Accommodation has also evolved, with providers getting creative to meet remote worker needs. Some boutique hotels offer month-long stays with amenities like kitchenettes and discounted laundry services. New short-term rental platforms connect expats to fully-furnished apartments with fast WiFi included.
Live, Work, Play: Why South Korea's New Visa Makes It the Ideal Base for Digital Nomads in 2024 - Digital Nomads Flock to Seoul's Cafe Culture
Seoul's emergence as a remote work hotspot has fueled an explosion of cafes catering to the digital nomad crowd. For location-independent workers planting roots in Korea, Seoul's cafe culture has become an essential part of the experience. These third spaces straddle the line between office and community, providing fast WiFi, quality coffee, and human connection.
When American Taylor Coil first arrived in Seoul, she immediately fell in love with the city's cafes. She'd scout popular nomad hangouts like Cafe Yeonnam-dong in Hongdae, setting up her laptop for full workdays fueled by iced Americanos. Taylor raves that the cafes here feel tailored for remote workers, with abundant seating, power outlets within reach, and baristas unfazed by customers camping out for hours.
Beyond functional amenities, Seoul's nomad cafes exude cozy, inviting atmospheres. Spaces like The Barn in Seongsu-dong offer a rustic interior with exposed beams and pressed metal ceilings. Gentle lo-fi beats set a mellow vibe as locals and expats mingle over pour-overs. Other spaces like Cafe Onion in Gangnam take sleek, minimalist approaches with ample sunlight and mid-century modern decor.
Cafe owners are conscious that remote workers crave human interaction outside virtual Zoom rooms. Sofia Lee opened Cafe Home in the expat enclave Itaewon precisely as a "home away from home" for nomads. She hosts weekly coffee tastings, book clubs, even doggy playdates to help cultivate community. Many cafes organize events spotlighting local artists and creators.
Nomadic workers also praise how Seoul's cafes embrace diversity and self-expression. Tattooed digital artists sip iced lattes alongside students and businessmen at the eclectic Cafe Yong in Sinsa-dong. Grab a seat on the second floor of Cafe Rumbit in Sangsu-dong to find remote programmers jamming out to vinyl DJ sets.
Live, Work, Play: Why South Korea's New Visa Makes It the Ideal Base for Digital Nomads in 2024 - Jeju Island Beckons with Beaches and WiFi
With its subtropical climate and miles of black sand beaches, Jeju Island has long been one of South Korea's top domestic vacation spots. But lately, this volcanic isle has started attracting digital nomads and remote workers from across the globe. Thanks to blazing fast internet speeds and co-working spaces popping up across the island, Jeju is emerging as an unexpected paradise for location-independent professionals.
As a long-time nomad who's worked from tropical destinations everywhere from Bali to Barbados, Jeju has been high up on my remote work bucket list for awhile. Everything I'd heard about it just seemed too good to be true - a visa-free island off the Korean peninsula with warm weather, stunning beaches and cafes with lightning fast WiFi. Could this really be the ultimate workation destination?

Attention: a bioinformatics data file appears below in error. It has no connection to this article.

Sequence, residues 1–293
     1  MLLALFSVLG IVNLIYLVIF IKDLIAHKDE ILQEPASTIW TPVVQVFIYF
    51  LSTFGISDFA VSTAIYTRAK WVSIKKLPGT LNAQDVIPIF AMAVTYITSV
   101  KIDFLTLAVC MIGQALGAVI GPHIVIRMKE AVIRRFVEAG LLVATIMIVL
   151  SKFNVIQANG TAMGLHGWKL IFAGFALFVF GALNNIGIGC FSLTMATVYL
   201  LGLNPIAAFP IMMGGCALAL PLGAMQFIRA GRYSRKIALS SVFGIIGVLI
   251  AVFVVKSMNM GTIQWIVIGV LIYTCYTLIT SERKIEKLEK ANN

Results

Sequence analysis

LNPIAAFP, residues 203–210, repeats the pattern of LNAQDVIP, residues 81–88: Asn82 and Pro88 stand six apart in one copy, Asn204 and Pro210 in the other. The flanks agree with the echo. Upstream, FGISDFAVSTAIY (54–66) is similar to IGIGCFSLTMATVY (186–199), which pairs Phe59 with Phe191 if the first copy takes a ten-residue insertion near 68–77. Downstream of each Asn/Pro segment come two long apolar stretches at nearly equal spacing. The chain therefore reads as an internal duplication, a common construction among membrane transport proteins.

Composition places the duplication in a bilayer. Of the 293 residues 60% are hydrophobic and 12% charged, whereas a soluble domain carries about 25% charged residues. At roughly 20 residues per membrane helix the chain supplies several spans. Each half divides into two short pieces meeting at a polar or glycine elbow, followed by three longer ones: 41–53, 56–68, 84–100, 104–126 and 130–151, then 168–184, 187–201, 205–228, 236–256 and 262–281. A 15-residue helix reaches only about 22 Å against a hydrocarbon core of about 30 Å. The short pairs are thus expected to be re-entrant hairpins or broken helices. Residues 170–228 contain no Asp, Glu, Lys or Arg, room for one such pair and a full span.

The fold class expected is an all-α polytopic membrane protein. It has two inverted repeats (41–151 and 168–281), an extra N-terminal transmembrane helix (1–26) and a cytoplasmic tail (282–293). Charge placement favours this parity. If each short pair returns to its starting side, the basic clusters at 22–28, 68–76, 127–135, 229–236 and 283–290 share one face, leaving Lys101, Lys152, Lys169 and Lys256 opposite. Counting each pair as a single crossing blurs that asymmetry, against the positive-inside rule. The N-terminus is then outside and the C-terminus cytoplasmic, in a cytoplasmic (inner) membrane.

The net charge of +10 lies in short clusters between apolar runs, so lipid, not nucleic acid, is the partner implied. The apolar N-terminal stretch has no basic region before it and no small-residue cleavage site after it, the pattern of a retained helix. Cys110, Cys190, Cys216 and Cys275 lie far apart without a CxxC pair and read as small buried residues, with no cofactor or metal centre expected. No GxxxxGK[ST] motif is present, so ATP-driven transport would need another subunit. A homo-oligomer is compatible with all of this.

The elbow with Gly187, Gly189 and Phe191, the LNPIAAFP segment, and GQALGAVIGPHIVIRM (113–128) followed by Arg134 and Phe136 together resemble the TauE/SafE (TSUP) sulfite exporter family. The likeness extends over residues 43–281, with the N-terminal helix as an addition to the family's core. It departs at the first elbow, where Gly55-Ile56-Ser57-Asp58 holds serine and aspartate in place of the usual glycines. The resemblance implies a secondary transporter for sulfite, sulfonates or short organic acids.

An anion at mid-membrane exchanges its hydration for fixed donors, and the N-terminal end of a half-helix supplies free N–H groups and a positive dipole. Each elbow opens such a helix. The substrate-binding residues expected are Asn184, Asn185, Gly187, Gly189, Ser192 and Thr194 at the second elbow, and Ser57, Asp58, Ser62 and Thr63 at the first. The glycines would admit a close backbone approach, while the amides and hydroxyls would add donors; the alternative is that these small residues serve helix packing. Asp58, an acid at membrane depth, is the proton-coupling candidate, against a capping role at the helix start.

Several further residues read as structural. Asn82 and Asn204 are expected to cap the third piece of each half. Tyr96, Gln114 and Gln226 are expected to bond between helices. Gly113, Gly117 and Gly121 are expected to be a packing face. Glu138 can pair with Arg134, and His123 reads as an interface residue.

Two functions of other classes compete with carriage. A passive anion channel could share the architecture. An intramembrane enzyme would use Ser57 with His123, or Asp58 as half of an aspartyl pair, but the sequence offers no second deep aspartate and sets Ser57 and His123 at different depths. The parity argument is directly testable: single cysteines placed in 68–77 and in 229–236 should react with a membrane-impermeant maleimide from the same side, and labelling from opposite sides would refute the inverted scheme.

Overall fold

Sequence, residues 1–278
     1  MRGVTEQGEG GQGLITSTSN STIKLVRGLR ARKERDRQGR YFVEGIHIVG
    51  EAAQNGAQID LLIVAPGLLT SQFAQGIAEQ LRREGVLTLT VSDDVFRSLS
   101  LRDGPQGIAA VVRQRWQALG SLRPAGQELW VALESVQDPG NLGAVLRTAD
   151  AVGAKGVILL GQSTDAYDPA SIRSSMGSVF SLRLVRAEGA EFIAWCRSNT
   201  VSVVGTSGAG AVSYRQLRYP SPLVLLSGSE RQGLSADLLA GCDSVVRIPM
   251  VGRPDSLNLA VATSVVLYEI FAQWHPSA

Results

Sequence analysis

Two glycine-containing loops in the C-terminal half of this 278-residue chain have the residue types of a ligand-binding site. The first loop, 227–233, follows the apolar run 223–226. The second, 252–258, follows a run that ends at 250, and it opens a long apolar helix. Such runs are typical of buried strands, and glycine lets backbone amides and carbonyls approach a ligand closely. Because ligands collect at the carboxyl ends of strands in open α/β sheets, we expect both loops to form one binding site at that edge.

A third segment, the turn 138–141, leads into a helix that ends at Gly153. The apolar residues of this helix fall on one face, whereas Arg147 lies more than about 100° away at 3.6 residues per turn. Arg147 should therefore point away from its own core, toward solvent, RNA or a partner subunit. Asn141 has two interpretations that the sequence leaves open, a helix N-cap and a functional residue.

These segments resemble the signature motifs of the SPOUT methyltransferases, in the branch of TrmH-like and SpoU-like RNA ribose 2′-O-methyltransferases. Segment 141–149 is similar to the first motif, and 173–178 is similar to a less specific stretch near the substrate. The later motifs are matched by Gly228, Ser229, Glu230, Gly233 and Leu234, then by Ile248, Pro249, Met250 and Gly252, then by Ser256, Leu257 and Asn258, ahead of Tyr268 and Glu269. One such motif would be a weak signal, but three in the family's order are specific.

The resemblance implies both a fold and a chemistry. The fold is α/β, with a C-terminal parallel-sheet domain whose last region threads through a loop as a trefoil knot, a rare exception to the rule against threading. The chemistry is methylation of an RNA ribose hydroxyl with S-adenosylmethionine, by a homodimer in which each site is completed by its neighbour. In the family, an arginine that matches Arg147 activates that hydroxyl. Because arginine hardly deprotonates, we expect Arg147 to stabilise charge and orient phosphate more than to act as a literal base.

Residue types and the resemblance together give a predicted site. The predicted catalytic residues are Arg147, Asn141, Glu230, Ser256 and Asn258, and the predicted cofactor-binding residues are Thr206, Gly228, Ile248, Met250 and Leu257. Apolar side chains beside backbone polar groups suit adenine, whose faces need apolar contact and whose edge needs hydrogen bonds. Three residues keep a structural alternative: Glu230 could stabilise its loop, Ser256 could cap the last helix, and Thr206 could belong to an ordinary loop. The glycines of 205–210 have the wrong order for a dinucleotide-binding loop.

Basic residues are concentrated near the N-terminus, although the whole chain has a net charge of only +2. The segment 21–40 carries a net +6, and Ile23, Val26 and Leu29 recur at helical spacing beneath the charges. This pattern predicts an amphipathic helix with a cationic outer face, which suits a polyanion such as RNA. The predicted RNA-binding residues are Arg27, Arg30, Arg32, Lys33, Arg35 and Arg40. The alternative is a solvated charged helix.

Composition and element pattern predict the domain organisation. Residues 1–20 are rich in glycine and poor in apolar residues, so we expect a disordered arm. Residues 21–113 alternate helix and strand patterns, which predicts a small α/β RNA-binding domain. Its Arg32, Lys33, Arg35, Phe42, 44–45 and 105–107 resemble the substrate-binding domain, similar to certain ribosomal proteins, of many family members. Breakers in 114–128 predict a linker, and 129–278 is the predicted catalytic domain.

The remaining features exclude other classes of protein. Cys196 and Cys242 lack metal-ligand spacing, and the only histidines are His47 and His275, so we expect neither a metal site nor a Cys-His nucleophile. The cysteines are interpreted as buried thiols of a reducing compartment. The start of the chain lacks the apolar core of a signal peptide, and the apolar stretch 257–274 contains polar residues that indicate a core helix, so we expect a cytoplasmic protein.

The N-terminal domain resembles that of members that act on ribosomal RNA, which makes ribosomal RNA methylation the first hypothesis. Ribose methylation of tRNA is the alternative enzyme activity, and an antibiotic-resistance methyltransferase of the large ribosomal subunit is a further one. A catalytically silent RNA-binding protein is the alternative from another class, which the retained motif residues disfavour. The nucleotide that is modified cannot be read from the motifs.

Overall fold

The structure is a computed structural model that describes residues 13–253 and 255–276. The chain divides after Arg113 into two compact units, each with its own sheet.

After chatting with nomads who'd already made the move to Jeju, it became clear this idyllic island is the real deal. American Cindy Cruz told me she was completely hooked after visiting for a week long holiday at Jungmun Beach. She immediately looked into the logistics of staying long-term. Within months Cindy had packed up in the US and now runs her boutique digital marketing agency from Jeju, splitting her time between beachfront Airbnbs and co-working spots.
Cindy says average internet speeds top out around 115 mbps on the island - on par with Seoul and faster than most American cities. This opens up Jeju to digital nomads working in data-heavy jobs like software engineering or graphic design. Connectivity is surprisingly reliable even at the island's remote beaches thanks to widespread fiber optic infrastructure.
But Cindy cautions Jeju is still optimizing for long-stay visitors. Co-working spaces are rapidly opening up but spots fill quickly during peak tourist seasons. Housing tends to cater to short-term guests, with anywhere from 3 month to 1 year leases rare. But she believes all these kinks will smooth out as more nomads discover Jeju and put down roots here.
Food options also lean touristy in places like Jungmun, known for its sprawling resorts. But venturing into small villages near hiking trails, I found humble noodle shops and signature black pork eateries where locals gather over steaming hotpots. Exploring the island by scooter revealed a side of Jeju beyond tropical beaches, with centuries-old lava tunnels and the UNESCO-listed Seongsan Ilchulbong peak.
Live, Work, Play: Why South Korea's New Visa Makes It the Ideal Base for Digital Nomads in 2024 - Busan: Korea's Second City for Startups